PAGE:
I Am Meeting A Judge!
Last week on a clear cold day, I had a closing with an NYS Supreme Court Justice in downtown NYC. So I entered a grandiose Court House and met with Justice John Kelly.
After clearance and security, I walked to the elevator bank to the Judge’s chambers. The room was wood-paneled, filled with old pictures and ample cabinets. The most massive cabinet looked like a bar; as I soon learned, it was, in fact, a bar. I knew this would be a fun closing with twists and turns.
The Glasses Are Singing With Drink
The Judge introduced himself with tumbler glasses clicking and banging. Judge Kelly was chubby with light grey hair and was smoking a pipe. His glasses were low on his nose, which exposed large droopy eyes with massive eyebrows. He looked like a judge out of Hollywood casting.
As soon as I introduced myself, the Judge asked straightforwardly, not if I wanted to drink, but what type of drink I wanted. I told him I could not drink because I had a business meeting that night. The Judge looked bewildered by my answer and responded with a WHAT!! I explained that I was meeting a VP of a technology company that night. I explained I was SR. VP for a data company, the meeting was with a potential account.
Who Do I Look Like/Whom Am I?
Stepping back, the Judge was evaluating me from head to foot. He said immediately; I do not look like a notary; I do not sound like one, and I do not dress like a notary. Next, he asked why I was doing closings. I told the Judge I was making extra money as a notary for my family and kids. After additional questioning, which was more like a cross-examination, I continued to tell him I had a daughter who had just gotten married and another daughter in graduate school.
I continued to explain this was my second job to make extra cash and regain and maintain a stable lifestyle. The Judge gave me a big pat on my back as he kept his glass of whiskey steady in his other hand. He took a swig of the whiskey and told me my demeanor and work ethic were commendable and that he was impressed as he had never met a notary like me. I was never a typical anything and knew I was not a regular notary. I also knew I had never met a drinking Judge.
Let’s Have Another
There was another opening for the Judge to drink! The Judge twisted his body as he raised his glass; since I was not dull, let’s have a drink together. I just smiled and thanked him for his kind words. He raised his glass with another shot, filled to the brim, toasted me, and implored me to join him.
Thus, I sensed a real sadness and that the drinking was filling a void in his life. First, he told me he was a million-dollar defense attorney and defended Wall Street brokers who stepped over the line and deceived their companies and the public. Then, finally, he decided after 25 years to give up his lucrative law practice and become a judge. The Judge told me he loved his work, but his life outside his chambers was not happy.
We All Have Different Paths
Judge Kelly went on to say to me with great disdain that his wife never forgave him for giving up his million-dollar income as a defense lawyer to become and attain the respected position of a Supreme Court Justice. He also told me his wife continued to live a wealthy’s life even though his income was 20%-30% from his private practice years. I kept thinking about how I gave up a million-dollar-plus house and moved to a 500 sq. foot studio with my wife as we reinvented ourselves.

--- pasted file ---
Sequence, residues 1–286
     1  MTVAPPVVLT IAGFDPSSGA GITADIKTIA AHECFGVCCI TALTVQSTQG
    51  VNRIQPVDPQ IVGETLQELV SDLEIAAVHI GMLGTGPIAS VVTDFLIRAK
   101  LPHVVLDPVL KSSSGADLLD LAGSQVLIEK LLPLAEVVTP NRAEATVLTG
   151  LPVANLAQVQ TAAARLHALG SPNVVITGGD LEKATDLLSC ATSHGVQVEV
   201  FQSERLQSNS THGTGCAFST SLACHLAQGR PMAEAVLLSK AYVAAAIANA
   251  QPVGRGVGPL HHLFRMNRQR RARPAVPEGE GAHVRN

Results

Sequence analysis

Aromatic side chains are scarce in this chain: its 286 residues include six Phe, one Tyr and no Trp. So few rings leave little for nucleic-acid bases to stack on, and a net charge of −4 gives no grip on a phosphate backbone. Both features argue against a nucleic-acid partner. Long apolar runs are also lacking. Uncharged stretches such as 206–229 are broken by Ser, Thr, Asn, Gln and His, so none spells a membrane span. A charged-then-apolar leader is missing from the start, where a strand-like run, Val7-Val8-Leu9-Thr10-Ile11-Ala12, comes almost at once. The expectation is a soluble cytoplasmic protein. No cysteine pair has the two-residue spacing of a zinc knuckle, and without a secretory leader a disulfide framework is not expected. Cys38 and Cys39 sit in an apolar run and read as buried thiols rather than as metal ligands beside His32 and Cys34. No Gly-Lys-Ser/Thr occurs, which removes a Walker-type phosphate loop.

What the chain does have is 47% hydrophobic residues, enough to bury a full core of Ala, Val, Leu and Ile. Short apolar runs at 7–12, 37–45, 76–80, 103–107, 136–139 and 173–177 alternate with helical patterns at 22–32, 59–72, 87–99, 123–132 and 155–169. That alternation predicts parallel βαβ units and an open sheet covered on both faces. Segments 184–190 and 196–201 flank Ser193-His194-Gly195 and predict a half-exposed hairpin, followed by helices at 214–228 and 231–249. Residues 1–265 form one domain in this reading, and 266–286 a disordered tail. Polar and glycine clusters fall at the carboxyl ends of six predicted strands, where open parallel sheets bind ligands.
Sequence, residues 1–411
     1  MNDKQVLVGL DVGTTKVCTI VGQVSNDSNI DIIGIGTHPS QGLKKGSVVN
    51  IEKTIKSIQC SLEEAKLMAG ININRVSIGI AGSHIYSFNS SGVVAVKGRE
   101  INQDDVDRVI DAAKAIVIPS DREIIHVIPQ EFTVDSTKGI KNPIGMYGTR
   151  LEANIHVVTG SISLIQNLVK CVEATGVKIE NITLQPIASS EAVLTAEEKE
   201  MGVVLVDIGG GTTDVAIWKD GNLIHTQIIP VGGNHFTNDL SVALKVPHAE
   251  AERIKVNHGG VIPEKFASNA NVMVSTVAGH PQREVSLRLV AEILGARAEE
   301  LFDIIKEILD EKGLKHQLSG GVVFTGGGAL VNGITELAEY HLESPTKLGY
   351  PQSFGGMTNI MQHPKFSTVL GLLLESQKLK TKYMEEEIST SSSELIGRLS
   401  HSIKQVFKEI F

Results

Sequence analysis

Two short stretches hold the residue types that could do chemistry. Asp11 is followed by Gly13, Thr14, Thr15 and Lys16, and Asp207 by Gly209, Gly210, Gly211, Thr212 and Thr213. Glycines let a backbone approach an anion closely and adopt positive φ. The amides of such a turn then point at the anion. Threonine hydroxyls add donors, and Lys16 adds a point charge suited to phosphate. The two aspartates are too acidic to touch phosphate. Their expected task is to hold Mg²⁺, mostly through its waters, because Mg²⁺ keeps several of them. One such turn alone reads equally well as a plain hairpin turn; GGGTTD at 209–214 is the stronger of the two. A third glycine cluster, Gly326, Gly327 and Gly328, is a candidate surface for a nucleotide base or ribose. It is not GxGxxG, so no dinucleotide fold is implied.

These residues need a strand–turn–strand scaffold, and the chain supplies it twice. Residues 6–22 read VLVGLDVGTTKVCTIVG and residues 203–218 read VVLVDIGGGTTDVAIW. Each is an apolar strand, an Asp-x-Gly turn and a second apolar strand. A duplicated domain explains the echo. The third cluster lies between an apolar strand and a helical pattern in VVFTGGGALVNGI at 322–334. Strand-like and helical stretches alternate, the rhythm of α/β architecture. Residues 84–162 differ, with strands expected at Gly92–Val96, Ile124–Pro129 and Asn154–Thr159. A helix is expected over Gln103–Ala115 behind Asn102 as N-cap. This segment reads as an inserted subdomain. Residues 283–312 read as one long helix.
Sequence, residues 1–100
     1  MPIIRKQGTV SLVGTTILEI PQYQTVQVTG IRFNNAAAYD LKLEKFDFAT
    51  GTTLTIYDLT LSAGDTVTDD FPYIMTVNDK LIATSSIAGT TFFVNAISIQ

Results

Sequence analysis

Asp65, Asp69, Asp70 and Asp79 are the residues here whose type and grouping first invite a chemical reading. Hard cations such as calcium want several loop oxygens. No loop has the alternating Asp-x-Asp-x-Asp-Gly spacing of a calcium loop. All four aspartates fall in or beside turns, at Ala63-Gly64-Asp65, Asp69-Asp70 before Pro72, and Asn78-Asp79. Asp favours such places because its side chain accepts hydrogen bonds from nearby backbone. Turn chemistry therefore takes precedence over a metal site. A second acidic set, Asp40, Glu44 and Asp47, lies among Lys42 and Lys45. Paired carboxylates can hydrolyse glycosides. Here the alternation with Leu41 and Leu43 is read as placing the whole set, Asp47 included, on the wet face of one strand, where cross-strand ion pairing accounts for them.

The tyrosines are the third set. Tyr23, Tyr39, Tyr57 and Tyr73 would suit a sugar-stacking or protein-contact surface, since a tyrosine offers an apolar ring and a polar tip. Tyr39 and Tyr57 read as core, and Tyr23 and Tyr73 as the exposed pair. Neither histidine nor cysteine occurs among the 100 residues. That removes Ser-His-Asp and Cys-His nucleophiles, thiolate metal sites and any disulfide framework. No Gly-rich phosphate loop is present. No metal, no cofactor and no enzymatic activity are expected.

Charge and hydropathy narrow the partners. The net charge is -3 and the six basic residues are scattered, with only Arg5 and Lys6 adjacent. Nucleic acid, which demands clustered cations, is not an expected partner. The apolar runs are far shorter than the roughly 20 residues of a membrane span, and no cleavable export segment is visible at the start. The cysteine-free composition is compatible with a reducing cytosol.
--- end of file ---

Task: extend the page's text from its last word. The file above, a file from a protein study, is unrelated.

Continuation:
Accordingly, the Judge and I adjusted pretty differently to our new realities. He also told me how both his kids were doing nothing with their lives, and he would never give them money no matter what! The Judge told me his kids were spoiled-rotten, and one was in drug rehab. He again stated how he admired my work and kept drinking with a wink in his droopy eyes. He just laughed as he went on and on and kept drowning his sorrows. I stopped counting the drinks, but I think the Judge was up to 5–6 shots.
Never Judge A Book By Its Cover-Literally
I thought I was in a therapy session as Judge Kelly put his life and soul on the table. His soul was there for the world to see as plain as sight. As the session/closing continued, I held his hand as he signed documents. He was getting red-faced and had trouble controlling the pen. His signature was not clear, and it looked like a scribble. Finally, we concluded the closing; he thanked me and wished me luck. He shook my hand long and hard. The Judge’s face was dripping with sweat. With his mouth turning in, the Judge told me he does not talk to his kids and hardly talks to his wife. It was unfortunate, and I felt sorry for him.
As a notary, I run around like a crazy man from appointment to appointment, crisscrossing the city by foot and subway. Yet, I know I walk with pride and a great sense of purpose as I trek. I continue to climb back from a deep bottom step by step in more ways than I could ever know and imagined.
The journey from world trekking to notary trekking and the lessons learned continue. — reinvention, discovery, and keeping it real.
Dealing with a judge could be scary, yet fun. The atmosphere of a courthouse is another amazing way to see how precious buildings are kept
These stories are so detailed and so interesting, Jeff! You truly could write a book. I feel like I am making my way through the city and the world through these stories and your photos; I feel like I’m meeting these people right there with you. I am truly in awe of the life you have lived… and continue to live! I can’t wait to keep reading these tales!
Thank you, thank you—endless hours of mentoring by accomplished writers. RE edit–never ends as I try to find my proper messaging. Keep reading and keep pushing yourself–reach out any time. When I had to reinvent, I promised to help if and when I could. Best,